SS: And do you think Magnus, not being part of the cycle, right now....
VG: We don't know, Magnus can change his mind at any moment. So, Magnus, I don't know if he'll play or not. He can even play, who knows.
SS: Oh, that's true because if the candidates' lineup is interesting for him, he finds that okay, there are new players, new faces, now Prag is there, maybe Hikaru is there, you are there.
VG: If I knew how Magnus's mind worked, I would have already figured many things out, but I don't know how he takes these decisions. And so anything can happen with him.
SS: True, true, yeah, we don't know. That's a very important thing. But Ding is the world champion, and you both share the same birth date. It will be epic.
VG: It will be such an amazing matchup if that happens. But of course, Candidates is a big stepping stone.
SS: Tell us a bit about your sponsors, who have helped you in this journey.
VG: Yes, I'm very lucky that way, that there were people who believed in me and my vision. And without their help, it would be very difficult to arrange all the training sessions. So, I'm very grateful. For example, Persistent Systems, they have been supporting me for the last two years. And I was able to build a training team accordingly. Ambit, they are the new sponsors. In my journey towards the Candidates, they are going prove to be a big support. ONGC - 2008 was the first time I got a scholarship from them. And since then, they have been supporting. Many others, like Black Lotus, the meditation app which I use, everybody knows about it. Then Lakshya and Bharat Forge, they helped me when I was struggling to become a Grandmaster, back in 2013, that was the time. And the main thing is, there were many moments where I had a downfall or the performance stagnated. And even despite that, to keep supporting is a big thing. Because they have other opportunities, there are more upcoming players, but they still believed in me. So, I'm very grateful to them. And as I said to everyone, like finally something for them also to feel good about.
SS: You made a lot of people happy.
VG: Yeah, Immortal game as well, they came on board last year. So many people like this who believed in me.
SS: What do you think are the chances of any other Indians making it to the candidates? Right now, we already have two, you and Praggnanandhaa, in the open candidates. Who else do you think?
VG: I think Arjun was playing really well. He came very close. But I don't see how he can make it because there's only a rating spot left, and the FIDE circuit, and Gukesh is ahead of Arjun. So, the best chance, if anybody has from Indians, is Gukesh. But mathematically, I don't know the odds. It looked like Anish is very well set. He has a lot of things working out well for him. He has also some tournaments lined up, and one more good performance, and then he would seal it. So, it's tough, but if anybody has a chance, it's Gukesh right now.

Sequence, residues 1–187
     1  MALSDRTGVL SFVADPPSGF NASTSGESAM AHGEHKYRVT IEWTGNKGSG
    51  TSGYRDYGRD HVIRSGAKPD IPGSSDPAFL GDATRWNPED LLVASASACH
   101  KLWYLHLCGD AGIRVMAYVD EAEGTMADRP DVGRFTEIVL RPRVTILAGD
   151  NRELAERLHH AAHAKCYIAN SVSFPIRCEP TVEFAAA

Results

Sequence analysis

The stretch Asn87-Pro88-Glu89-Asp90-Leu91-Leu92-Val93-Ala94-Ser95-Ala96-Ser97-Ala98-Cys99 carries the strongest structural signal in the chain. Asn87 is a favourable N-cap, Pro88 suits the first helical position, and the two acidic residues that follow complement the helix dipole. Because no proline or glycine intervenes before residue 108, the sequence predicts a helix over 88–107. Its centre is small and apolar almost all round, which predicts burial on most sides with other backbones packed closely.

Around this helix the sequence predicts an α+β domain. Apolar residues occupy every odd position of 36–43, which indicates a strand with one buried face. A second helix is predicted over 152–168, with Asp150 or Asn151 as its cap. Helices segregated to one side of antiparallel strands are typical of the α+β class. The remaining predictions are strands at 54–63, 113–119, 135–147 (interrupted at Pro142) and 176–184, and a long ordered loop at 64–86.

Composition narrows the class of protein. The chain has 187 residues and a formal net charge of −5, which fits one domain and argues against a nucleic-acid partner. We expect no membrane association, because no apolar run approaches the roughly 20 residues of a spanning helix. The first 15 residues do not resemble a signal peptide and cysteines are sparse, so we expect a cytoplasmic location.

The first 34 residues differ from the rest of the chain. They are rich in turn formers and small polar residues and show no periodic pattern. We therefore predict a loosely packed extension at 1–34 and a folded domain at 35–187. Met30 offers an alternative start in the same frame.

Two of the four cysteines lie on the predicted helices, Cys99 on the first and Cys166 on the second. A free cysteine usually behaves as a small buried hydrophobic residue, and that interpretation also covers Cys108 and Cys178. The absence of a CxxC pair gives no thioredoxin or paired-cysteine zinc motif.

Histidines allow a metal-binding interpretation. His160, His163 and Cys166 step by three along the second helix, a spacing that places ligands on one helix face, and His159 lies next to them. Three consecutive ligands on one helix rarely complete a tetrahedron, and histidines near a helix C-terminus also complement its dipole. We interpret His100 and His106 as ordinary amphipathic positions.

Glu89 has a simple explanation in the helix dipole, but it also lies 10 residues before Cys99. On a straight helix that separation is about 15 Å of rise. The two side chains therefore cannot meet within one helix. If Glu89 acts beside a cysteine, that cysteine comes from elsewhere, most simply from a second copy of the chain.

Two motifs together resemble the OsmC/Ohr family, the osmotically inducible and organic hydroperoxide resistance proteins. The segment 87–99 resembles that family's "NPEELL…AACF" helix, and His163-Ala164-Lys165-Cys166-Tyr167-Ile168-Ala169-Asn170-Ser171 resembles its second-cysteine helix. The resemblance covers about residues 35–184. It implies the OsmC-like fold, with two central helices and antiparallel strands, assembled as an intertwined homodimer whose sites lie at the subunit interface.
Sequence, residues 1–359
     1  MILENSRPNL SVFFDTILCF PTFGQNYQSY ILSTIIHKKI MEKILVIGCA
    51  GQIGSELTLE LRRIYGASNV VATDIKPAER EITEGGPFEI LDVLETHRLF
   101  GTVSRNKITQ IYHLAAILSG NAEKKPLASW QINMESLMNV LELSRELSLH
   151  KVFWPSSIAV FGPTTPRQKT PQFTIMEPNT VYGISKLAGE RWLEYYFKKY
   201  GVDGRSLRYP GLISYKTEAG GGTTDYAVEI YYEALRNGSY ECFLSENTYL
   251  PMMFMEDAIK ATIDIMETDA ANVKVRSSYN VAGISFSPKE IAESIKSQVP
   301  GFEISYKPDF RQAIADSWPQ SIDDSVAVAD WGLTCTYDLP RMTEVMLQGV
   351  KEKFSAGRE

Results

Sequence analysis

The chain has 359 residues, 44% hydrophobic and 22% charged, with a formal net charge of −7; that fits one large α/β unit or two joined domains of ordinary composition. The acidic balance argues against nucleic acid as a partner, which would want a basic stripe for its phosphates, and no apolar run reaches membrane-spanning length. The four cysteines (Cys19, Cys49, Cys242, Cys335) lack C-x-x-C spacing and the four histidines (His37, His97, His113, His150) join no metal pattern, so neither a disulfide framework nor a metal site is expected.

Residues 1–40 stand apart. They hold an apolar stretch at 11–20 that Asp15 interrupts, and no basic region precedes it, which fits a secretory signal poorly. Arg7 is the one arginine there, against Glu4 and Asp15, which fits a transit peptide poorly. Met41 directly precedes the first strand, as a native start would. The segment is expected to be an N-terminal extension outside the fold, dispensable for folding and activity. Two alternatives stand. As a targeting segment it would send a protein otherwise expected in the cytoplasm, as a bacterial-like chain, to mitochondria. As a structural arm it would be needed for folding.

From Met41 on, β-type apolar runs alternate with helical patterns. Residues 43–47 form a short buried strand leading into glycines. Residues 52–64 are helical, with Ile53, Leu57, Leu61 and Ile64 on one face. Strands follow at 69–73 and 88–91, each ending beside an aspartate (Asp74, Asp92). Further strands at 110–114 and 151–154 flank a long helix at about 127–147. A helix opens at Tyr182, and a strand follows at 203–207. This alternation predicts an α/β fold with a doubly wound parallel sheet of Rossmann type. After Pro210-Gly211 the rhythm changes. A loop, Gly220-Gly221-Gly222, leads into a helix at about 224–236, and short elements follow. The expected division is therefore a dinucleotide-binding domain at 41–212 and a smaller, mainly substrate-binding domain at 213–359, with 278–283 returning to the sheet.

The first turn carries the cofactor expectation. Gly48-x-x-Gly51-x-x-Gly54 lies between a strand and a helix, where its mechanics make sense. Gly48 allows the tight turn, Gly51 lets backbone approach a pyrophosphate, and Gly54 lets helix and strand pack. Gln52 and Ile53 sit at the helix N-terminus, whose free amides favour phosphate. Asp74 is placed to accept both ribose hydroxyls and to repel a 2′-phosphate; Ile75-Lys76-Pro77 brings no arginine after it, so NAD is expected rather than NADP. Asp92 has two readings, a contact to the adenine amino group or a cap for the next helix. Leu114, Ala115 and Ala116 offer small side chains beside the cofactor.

SS: To end this, we, you know, there was this running joke that we had during the streaming years, that was GF reveal, GF reveal. Are you right now in a relationship? How do you balance your personal and professional life in that sense?
VG: [Pauses for a bit] No, I'm not in a relationship. To give a very short answer. And there is no way to balance both professional and personal life, according to me yet. I have not figured that out how to have it both balanced. So, I'm still learning.
SS: Do you think it's impossible to do so?
VG: No, no, there must be people who have done it. But everything you do comes at a cost. I have not figured that out, how to have that balance of personal and professional life yet. Something which is so delicate. It's possible, I would say, but then you need to be very good at switching on and switching off. Like, okay, now you are in work mode, then you are back in this personal mode. And when you are there, you are present there and when you are here, you are present here. There are people who have managed it, so I don't think it's impossible.
SS: And Vidit, there are so many of your fans who have supported you through ups and downs. They have been by your side. What would you tell them after this success?
VG: Thanks for believing. [Laughs] They had many occasions to say, we made a mistake! We were supporting someone not so ideal.And they were very emotionally invested, many of them. And they also felt the pain which I felt when things did not go well. So, thanks for being there, always believing in it. And I'm glad that I could give them something to finally cheer for. Hopefully, one of many to come.
SS: There was one very nice comment which I read, "I always defend Vidit when he doesn't play well, and when there are trolls, today that he has won, I will not comment because he has done it well, and now I can be at peace!
VG: It's a closure. [Smiles]
SS: Thank you Vidit for your time for this podcast.
VG: Well, thank you, Sagar, for your time, and also, I would say that thanks for being in Isle of Man. Because many of these moments which we had during dinner, it helped me be in such a positive mindset for the games. And I learn a lot from you because you are also very philosophical, and we have these nice discussions. And in general, it helps to go in with positive energy to the game.